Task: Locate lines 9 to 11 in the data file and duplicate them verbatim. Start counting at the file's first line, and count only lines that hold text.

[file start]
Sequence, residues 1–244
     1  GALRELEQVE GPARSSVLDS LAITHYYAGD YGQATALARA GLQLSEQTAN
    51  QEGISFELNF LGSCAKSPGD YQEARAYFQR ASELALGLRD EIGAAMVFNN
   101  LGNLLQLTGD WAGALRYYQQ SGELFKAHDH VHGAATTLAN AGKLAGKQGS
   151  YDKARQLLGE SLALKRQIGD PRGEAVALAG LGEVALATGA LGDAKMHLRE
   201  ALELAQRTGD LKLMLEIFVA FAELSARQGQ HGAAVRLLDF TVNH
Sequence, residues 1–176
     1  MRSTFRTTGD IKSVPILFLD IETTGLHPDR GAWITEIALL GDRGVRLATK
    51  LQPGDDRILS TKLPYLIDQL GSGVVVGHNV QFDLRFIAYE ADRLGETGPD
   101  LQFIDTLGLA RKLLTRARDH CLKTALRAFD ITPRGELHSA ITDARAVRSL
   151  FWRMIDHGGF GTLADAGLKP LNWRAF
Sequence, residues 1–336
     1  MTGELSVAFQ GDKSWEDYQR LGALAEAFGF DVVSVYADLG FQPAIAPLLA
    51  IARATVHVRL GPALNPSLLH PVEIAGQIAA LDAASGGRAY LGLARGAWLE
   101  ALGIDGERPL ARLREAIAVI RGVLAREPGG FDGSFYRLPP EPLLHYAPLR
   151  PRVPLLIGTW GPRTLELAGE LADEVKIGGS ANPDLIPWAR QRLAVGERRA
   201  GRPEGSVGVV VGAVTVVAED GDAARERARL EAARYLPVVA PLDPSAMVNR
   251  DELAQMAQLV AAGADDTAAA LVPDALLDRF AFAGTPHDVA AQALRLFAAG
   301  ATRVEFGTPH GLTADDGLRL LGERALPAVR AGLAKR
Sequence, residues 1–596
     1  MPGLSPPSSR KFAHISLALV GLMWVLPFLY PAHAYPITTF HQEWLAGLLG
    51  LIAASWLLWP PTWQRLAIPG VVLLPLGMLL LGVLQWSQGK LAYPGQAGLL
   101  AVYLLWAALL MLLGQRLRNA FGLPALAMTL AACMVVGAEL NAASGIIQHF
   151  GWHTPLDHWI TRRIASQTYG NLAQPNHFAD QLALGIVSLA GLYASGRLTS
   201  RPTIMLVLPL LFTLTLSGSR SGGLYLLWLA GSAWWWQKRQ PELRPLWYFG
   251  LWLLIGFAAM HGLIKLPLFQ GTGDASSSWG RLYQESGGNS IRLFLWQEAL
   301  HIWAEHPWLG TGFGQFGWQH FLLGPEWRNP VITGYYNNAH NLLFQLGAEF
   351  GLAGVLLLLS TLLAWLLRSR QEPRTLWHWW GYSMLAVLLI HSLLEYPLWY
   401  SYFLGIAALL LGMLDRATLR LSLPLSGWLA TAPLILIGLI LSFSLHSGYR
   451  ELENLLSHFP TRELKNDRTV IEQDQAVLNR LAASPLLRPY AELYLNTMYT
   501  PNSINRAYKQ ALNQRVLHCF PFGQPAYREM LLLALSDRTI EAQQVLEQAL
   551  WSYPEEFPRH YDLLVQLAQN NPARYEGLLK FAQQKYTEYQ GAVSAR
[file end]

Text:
    51  LQPGDDRILS TKLPYLIDQL GSGVVVGHNV QFDLRFIAYE ADRLGETGPD
   101  LQFIDTLGLA RKLLTRARDH CLKTALRAFD ITPRGELHSA ITDARAVRSL
   151  FWRMIDHGGF GTLADAGLKP LNWRAF